The term ‘neurodiversity’ is a relatively new expression that has recently begun finding its way into the classroom, the workplace and politics. It’s the latest frontier in ‘political correctness’ and in the fight for equality, but you could certainly be forgiven for not knowing quite what it means. Here we will look at what neurodiversity is, and at why it’s so important.
Understanding the Term
The term neurodiversity was originally coined around the 1990s in an attempt to challenge the way we view mental illness. The idea is to stop implying that those with conditions like autism, dyslexia or even Down’s syndrome are somehow lesser or impaired compared to the ‘neurotypical’.
One of the bases for this argument, is that not all the implications of these conditions are negative. Many have pointed out how many famous dyslexic people have made huge contributions to society – including Einstein, Edison and Churchill. Likewise, it is well known that autism can often be coupled with remarkable skills such as musical savantism or incredible math skills. They are also often able to work alone for long periods of time undistracted, which is perhaps why so many famous historical figures are also now thought to have been autistic or aspergic: including Mozart, Tesla, Thomas Jefferson and some even suspect Einstein once again. Newton is another it is believed, and reports describe him delivering lectures to empty theatres even.
While there are no accounts of individuals with Down’s syndrome becoming scientist or politicians, many describe them as having a child-like joy and optimism that many of us could probably learn a great deal from.
The question is then, who says that it is better to be ‘regular’ than it is to have those incredible skills at the cost of some social abilities?
The Message of Neurodiversity
Advocates of neurodiversity will thus promote the importance of viewing those with ‘mental handicaps’ as not being handicapped at all, but rather just possessing a differing skillset. Those with ADHD, dyspraxia and even Tourette’s all have a different range of skills to offer society, even if they’re lacking in some other areas.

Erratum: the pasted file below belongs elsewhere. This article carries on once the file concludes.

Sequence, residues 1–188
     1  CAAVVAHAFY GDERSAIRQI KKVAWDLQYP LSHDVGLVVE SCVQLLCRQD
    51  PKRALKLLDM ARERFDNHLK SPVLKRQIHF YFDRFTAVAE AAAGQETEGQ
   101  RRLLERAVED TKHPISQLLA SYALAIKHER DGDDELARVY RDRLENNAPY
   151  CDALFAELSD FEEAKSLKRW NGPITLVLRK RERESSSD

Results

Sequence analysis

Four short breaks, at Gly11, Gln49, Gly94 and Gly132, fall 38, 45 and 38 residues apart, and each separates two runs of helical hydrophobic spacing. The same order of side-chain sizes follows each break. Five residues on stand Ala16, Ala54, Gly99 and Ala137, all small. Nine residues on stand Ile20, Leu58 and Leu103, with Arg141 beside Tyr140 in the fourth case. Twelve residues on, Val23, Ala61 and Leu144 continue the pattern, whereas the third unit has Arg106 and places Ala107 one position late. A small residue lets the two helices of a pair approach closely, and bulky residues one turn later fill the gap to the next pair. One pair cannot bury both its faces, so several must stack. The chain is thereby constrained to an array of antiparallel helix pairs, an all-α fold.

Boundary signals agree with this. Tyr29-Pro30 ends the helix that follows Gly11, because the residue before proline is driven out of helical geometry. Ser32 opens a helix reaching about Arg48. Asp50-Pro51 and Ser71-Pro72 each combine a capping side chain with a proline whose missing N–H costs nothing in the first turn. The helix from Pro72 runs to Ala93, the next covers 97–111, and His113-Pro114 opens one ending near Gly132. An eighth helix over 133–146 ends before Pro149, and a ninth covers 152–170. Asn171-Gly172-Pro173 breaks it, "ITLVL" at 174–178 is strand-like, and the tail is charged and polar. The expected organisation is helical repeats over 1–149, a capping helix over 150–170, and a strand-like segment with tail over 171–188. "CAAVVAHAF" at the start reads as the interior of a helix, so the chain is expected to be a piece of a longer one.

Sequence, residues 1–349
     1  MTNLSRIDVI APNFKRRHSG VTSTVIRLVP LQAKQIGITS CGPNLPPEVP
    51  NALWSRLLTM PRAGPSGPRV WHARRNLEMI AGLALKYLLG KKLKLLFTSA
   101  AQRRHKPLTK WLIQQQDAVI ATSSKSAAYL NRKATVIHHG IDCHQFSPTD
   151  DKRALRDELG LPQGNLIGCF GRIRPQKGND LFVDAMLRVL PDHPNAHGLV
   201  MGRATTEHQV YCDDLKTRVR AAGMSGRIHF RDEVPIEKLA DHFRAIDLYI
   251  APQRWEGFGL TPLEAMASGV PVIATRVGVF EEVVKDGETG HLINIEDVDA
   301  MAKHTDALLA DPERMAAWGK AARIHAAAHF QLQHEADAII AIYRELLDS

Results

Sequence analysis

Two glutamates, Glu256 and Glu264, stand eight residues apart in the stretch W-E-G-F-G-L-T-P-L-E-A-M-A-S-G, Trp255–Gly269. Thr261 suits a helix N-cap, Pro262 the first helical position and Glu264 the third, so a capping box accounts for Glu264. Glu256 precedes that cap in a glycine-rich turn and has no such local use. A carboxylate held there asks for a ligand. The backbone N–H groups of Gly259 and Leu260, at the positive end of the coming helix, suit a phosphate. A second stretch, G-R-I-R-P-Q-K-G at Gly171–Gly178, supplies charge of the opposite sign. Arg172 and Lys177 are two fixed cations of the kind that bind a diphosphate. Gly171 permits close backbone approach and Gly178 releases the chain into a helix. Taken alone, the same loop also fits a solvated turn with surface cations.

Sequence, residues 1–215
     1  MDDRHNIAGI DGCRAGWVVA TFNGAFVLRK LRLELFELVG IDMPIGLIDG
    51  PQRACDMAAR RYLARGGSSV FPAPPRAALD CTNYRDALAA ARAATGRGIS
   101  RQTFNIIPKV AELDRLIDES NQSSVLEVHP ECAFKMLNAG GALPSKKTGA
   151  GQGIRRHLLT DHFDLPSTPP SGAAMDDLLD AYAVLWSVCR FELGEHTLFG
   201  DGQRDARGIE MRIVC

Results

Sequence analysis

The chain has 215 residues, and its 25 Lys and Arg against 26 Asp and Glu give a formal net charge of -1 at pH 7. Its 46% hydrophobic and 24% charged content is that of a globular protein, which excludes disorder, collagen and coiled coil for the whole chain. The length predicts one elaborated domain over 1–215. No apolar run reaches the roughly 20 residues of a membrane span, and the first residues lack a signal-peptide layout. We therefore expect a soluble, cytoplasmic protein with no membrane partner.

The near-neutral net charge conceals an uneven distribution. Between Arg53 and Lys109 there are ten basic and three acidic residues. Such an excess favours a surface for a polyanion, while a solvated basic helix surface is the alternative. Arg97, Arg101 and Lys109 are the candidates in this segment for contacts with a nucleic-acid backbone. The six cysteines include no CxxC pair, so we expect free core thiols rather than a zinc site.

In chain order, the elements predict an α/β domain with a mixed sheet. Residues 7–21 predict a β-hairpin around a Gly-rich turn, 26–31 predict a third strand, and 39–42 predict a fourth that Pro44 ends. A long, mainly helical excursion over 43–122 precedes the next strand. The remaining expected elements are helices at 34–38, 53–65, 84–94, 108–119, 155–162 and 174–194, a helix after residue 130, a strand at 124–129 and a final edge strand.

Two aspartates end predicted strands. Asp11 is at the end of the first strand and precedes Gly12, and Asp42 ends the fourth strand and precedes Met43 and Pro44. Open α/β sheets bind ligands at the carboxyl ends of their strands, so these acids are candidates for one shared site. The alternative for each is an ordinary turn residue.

Rather than trying to ‘fix’ these developmental ‘problems’, the concept of neurodiversity suggests that we instead try to support them in developing their own way, and to make use of the skills that they offer. Perhaps if we did this more effectively, we would have more Einsteins and more Teslas in the world?
The movement has a long way to go before being fully embraced by educational institutes and business, but it has taken some big strides in recent years. One example is the active recruitment of autistic individuals by some multinational corporations. The German computer software company ‘SAP’ for instance, recently launched a campaign looking for autistic software testers. The Autistic Self Advocacy Network meanwhile offers support and encouragement for those with the spectrum disorder.
We have a long way to go before we drop our conventional views of how the human brain is supposed to work, but if and when the term eventually catches on, we should start to benefit from a far more diverse society with a much broader skillset.